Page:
Temp Workers Remain An IT Hiring Favorite
August 15, 2011 Dan Burger
The IT job market continues to favor the temporary worker over the full-time employee, a trend that is most often tied to the weak economy, but may also signal a trend that will not reverse itself even after the economy picks up some long overdue momentum. Based on a quarterly survey of IT leaders, four out of 10 IT managers and executives expect to increase IT staffing using temporary workers during the next three months.
“Continued economic uncertainty makes contract workers more appealing,” says TEKsystems market research manager, Tania Lavin. “IT leaders would rather hire consultants on a project-to-project basis than ramp up full-time teams without specific initiatives in mind.” TEKsystems is a large technology staffing and services company with offices throughout the United States. It is headquartered in Hanover, Maryland.
The latest employment survey done by TEKsystems is based on data collected in June from almost 3,000 IT leaders. It shows a 4 percent bump in plans to hire temporary workers and a 3 percent decline in those who plan to increase permanent IT headcount in Q3. Despite the downturn in plans to hire full-time permanent employees, the survey still points out that 38 percent of the IT leaders surveyed believe they will increase permanent IT staffing in the upcoming quarter.
Because companies often replenish staff by adding temporary workers before full-time employees, some employment experts see these recent developments as an indication of more full-time hiring to come. It’s also noted that temporary jobs have a track record of developing into full-time positions for those who demonstrate their capabilities and the value they bring to the company.
However, there’s plenty of data to support the idea that big changes are in store for the workplace. For instance, there are already 8.4 million involuntary part-time workers in the United States, according to the July unemployment data, which we covered last week. Those are people who are working part-time but want a full-time job.
Not exactly great news, but it’s better than two other scenarios I can think of: hiring freezes and more layoffs.
There’s also a recently released report by the McKinsey Global Institute that shows more than half of the companies surveyed expect to rely more heavily on temporary, part-time, and contract workers for a variety of duties. This isn’t IT specific, but it falls right in line with the trend that shows up in the TEKsystems survey and the July unemployment data. The McKinsey report goes further in noting changes in the working world that are expected in the coming five years. It specifically predicts increases in telecommuting, outsourcing, and an older workforce demographic. Each of these doesn’t automatically lead to more part-time or temporary full-time workers, but it doesn’t take a great deal of imagination to see things going in that direction.
A year ago, I wrote an article titled “Increase in IT Jobs Led by Contract Worker Demands.” It made the point that although hiring in the IT sector was improving slightly, companies hiring temporary contract workers to handle the backlog of IT projects created by recessionary times played a role in that increase.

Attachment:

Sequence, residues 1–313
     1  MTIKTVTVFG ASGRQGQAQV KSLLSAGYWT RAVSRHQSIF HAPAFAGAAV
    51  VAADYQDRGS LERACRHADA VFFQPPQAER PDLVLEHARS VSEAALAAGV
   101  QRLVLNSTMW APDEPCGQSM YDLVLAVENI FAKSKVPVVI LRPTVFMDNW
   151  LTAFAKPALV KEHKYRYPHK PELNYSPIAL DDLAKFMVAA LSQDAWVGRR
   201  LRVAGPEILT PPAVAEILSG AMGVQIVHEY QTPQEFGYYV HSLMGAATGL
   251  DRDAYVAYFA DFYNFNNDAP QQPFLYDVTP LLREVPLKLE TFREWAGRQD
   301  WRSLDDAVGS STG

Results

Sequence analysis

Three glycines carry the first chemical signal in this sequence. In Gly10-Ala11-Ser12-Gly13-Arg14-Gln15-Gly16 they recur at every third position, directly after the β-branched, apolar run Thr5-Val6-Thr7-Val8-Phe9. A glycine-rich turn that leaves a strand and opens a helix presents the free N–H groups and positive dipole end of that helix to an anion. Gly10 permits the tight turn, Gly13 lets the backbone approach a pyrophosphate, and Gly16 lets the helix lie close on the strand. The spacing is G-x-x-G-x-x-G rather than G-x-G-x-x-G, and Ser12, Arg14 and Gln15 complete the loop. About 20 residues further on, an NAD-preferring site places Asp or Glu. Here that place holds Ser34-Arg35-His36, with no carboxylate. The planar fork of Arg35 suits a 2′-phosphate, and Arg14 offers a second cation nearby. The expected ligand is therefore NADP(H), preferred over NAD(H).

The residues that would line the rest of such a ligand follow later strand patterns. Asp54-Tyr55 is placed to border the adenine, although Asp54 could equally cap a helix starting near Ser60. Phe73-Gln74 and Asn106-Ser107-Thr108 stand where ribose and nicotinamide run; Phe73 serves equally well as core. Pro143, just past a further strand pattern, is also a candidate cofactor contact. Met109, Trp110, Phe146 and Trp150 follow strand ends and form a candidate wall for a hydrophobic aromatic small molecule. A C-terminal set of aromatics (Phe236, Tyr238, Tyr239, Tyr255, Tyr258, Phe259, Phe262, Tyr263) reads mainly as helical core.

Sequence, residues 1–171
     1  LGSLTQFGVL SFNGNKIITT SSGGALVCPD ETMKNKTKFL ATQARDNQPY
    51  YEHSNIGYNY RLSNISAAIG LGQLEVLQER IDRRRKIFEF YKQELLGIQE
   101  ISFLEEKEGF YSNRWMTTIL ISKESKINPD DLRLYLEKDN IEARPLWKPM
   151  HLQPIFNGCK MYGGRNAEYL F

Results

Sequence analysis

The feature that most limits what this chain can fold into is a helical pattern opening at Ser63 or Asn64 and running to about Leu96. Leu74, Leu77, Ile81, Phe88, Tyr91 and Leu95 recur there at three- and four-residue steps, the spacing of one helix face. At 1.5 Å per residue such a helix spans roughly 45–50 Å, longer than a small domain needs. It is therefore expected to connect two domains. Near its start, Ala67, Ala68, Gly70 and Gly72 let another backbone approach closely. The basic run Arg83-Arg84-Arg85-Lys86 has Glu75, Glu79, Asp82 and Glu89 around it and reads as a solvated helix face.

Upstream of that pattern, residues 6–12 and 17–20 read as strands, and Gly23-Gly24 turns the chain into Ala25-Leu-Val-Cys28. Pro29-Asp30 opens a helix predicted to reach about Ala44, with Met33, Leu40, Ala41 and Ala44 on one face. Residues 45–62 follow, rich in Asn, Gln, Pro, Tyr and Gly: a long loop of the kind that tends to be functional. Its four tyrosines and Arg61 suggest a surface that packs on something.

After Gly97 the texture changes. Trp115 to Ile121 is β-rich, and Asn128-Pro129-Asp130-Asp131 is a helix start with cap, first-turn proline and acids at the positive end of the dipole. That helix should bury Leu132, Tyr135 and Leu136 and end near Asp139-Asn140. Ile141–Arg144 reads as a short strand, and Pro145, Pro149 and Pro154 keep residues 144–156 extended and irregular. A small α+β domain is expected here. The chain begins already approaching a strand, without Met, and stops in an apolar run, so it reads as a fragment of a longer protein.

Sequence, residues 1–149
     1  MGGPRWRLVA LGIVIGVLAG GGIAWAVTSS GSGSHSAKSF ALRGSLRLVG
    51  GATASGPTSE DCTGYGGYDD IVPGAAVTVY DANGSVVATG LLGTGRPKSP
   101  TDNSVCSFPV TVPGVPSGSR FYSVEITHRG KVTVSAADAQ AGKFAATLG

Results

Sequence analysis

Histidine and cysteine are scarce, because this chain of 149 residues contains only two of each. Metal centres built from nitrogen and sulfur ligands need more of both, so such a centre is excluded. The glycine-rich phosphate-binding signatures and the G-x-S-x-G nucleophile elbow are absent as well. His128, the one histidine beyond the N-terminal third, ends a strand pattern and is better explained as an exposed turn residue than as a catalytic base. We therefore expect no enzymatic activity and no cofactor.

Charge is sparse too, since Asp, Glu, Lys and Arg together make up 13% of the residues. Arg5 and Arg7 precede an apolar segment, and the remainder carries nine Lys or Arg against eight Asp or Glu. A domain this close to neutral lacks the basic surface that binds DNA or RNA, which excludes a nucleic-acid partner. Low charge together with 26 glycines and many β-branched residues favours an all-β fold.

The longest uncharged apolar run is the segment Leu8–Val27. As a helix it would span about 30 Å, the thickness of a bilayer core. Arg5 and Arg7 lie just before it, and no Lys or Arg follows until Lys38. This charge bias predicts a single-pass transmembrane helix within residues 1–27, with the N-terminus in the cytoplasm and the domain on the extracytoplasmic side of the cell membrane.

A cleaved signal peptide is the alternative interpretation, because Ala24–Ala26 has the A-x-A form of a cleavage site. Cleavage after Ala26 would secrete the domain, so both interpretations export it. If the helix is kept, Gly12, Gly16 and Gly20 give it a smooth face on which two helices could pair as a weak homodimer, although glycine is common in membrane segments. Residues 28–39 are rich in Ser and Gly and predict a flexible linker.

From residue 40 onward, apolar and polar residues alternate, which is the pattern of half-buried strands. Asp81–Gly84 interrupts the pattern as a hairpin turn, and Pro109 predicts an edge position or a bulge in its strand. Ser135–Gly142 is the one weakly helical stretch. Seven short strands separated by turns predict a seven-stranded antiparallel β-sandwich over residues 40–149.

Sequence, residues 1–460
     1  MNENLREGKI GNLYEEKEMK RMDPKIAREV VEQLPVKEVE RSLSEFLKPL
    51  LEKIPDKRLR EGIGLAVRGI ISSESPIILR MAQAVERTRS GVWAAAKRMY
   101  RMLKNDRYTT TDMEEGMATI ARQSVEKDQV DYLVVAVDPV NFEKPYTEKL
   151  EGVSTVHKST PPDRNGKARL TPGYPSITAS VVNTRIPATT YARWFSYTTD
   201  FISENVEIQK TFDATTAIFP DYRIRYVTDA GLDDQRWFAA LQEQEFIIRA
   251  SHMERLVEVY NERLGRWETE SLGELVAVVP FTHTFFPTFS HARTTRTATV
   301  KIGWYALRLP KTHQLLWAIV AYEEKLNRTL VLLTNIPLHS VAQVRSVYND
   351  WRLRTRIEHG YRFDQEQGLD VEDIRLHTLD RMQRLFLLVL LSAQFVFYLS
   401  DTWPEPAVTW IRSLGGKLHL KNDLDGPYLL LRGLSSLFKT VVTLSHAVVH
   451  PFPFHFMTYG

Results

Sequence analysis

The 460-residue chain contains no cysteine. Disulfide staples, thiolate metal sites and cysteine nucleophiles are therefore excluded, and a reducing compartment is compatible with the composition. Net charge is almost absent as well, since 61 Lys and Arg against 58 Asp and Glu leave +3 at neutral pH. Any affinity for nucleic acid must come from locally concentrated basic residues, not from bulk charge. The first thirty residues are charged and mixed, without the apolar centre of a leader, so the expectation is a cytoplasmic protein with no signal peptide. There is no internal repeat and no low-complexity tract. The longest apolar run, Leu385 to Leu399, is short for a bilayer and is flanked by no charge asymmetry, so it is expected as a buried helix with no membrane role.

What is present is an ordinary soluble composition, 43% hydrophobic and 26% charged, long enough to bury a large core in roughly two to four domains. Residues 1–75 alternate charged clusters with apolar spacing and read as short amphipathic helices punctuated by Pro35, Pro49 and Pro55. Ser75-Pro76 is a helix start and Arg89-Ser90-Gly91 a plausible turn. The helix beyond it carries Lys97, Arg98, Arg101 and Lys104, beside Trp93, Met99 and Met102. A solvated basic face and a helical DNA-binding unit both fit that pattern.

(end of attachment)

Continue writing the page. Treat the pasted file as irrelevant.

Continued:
“Companies are embracing the move from fixed to variable costs in workers,” John Reed, a district president at tech recruitment firm Robert Half Technology, said in July 2010. “There is a significant model that shows the benefits. A full-time employee has salary and benefits and other things. Companies are looking at the number of full-time employees it takes to manage an average workload. Anything beyond that is going to be supplemented with contract staff. The variable cost model takes into account only paying for people when the company needs them. When the need passes, the cost of adding the staff will go down when the staff is cut. It allows more control of costs.”
That pretty much describes the current situation as well.
The future? It looks like more of the same.
The skills that could be your best opportunity to land full-time employment mirror what was noted a year ago as well.
Enterprise architects, cloud architects security specialists and business intelligence specialists are finding more opportunities than most job seekers.
“They are recruited and get their choice of challenging work and appealing compensation packages,” according to TEKsystems’ Lavin. “It is not surprising that BI specialists are more difficult to find this year, as the number of business intelligence initiatives across our client base is up, which correlates to high demand for a finite number of A-players.”
The TEKsystems’ survey also revealed that financial services firms are struggling to fill database administrator positions, while companies in other industries are searching for systems administrators, business process engineers, network architects, and .NET developers.
“IT firms have a greater need for technology professionals to satisfy requirements for internal IT operations as well as specialists for their customers. As IT companies and their clients focus on BI and network transformation, the need for resources multiplies, compounding the difficulty in finding the right individuals,” Lavin said.